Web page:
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Publication numberUS20050210768 A1
Publication typeApplication
Application numberUS 10/793,973
Publication dateSep 29, 2005
Filing dateMar 4, 2004
Priority dateMar 4, 2004
Publication number10793973, 793973, US 2005/0210768 A1, US 2005/210768 A1, US 20050210768 A1, US 20050210768A1, US 2005210768 A1, US 2005210768A1, US-A1-20050210768, US-A1-2005210768, US2005/0210768A1, US2005/210768A1, US20050210768 A1, US20050210768A1, US2005210768 A1, US2005210768A1
InventorsRobert Lawson
Original AssigneeLawson Robert C, Lawson Robert C Jr
Export CitationBiBTeX, EndNote, RefMan
External Links: USPTO, USPTO Assignment, Espacenet
Method and apparatus for wall component drainage
US 20050210768 A1
Abstract
A pan flashing including a pitched pan configured to wrap around a bottom of the door or window on three sides defining a bottom surface thereof; a plurality of spaced wedges extending from the pitched pan providing a weight bearing support for a sill disposed thereover; a front flange projecting perpendicularly and downwardly from a front edge defining a fourth side, the flange being fluted for fluid communication with channels defined by the plurality of spaced wedges, thus allowing ventilation up through the flutes to the pitched pan residing under the door or window and allowing a place for the water to flow out of the pan; and a front wall coplanar with the front flange and extending upwardly and downwardly from the pan, the front wall providing an attachment means for securing to a vertical stud framing the door or window, when installed.
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Claims(22)
1. A pan flashing to prevent water from entering a building by wicking underneath a door or window comprising:
a pitched pan configured to wrap around a bottom of the door or window on three sides defining a bottom surface thereof, said pan having a substantially rectangular shape in plan;
a plurality of spaced wedges extending from said pitched pan, an exposed top surface of said plurality of spaced wedges corresponding to a horizontal plane and providing a weight bearing support for a sill disposed thereover;
a front flange projecting perpendicularly and downwardly from a front edge defining a fourth side of said rectangular shape, said flange being fluted for fluid communication with channels defined by said plurality of spaced wedges, thus allowing ventilation up through the flutes to said pitched pan residing under the door or window and allowing a place for the water to flow out of the pan; and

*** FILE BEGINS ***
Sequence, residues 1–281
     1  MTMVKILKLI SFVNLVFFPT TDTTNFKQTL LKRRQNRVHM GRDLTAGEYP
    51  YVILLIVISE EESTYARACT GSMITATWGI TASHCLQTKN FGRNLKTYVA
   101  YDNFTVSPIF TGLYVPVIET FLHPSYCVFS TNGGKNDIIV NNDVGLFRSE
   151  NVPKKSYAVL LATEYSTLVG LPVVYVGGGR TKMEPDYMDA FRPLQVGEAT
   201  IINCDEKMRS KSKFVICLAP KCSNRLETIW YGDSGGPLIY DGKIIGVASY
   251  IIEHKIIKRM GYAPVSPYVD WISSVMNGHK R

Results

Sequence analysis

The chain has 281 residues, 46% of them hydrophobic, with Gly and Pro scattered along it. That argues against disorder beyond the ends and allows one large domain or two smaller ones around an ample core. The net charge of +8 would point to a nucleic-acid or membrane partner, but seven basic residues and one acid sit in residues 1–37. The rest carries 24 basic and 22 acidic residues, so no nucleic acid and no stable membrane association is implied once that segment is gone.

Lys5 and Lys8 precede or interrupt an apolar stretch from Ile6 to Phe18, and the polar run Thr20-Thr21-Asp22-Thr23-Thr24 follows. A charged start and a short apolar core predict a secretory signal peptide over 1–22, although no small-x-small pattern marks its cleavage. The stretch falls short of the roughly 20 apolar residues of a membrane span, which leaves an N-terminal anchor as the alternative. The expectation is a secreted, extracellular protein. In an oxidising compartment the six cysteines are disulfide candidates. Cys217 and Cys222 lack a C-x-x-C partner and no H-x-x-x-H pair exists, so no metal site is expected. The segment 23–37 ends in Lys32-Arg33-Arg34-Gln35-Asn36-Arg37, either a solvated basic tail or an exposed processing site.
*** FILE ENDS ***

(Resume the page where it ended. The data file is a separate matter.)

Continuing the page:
a front wall coplanar with said front flange and extending upwardly and downwardly from said pan, said front wall providing an attachment means for securing to a vertical stud framing the door or window, when installed.
2. The pan flashing of claim 1, wherein said three sides defining said pan extend no more than about ¾ of an inch from a bottom of said pan.
3. The pan flashing of claim 2, wherein lateral ends defining said front wall extend no more than about ¾ of an inch from said bottom of said pan.
4. The pan flashing of claim 1, wherein said front flange is one of fused and integrally molded to said fourth side of said pan.
5. The pan flashing of claim 1, wherein said plurality of spaced wedges are one of bonded and integrally molded with said pitched pan to form a pan portion with channels in fluid communication with fluted downward section of said front flange.
6. The pan flashing of claim 5, wherein said pan portion strong is enough to bear weight if incorporated under a door sill having said plurality of spaced wedges disposed with a frequency to give the strength needed to support weights in excess of 200 pounds crossing said door sill.
7. The pan flashing of claim 6, wherein said frequency includes disposing a ¼-inch width wedge having a ½ inch gap between contiguous wedges.
8. The pan flashing of claim 1, wherein two wedges wider than each of said plurality of spaced wedges are disposed on opposite sides of said plurality of spaced wedges.
9. The pan flashing of claim 8, wherein said two wedges are configured and positioned to provide the necessary strength to carry jambs disposed thereover.
10. The pan flashing of claim 1, wherein said front flange is configured to include moulding disposed thereover while retaining fluid communication therethrough to said channels.
11. The pan flashing of claim 1, wherein said flutes include spacers disposed on said front flange.
12. Flashing for installation underneath entry doors comprising:
a water impervious, generally rectangular bay portion having an interior pitched bottom for installation in a rough entry door opening of a building structure underneath an entry door;
a plurality of spaced wedges extending from said pitched bottom, an exposed top surface of said plurality of spaced wedges corresponding to a horizontal plane and providing a weight bearing support for a sill disposed thereover;
an interior lip upwardly projecting at approximately 90 degrees integrally formed along one edge of said bay portion;
side lips upwardly projecting at approximately 90 degrees integrally formed along opposite edges of said bay portion and on opposite ends of said interior lip;
an exterior lip downwardly projecting at approximately 90 degrees integrally formed along the edge of said bay portion opposite said upwardly projecting interior lip and between said side lips, said exterior lip including lip end portions being integrally formed therewith and extending outwardly from each end thereof, said lip end portions also being integrally formed with an exterior edge of said lips in perpendicular relation thereto; and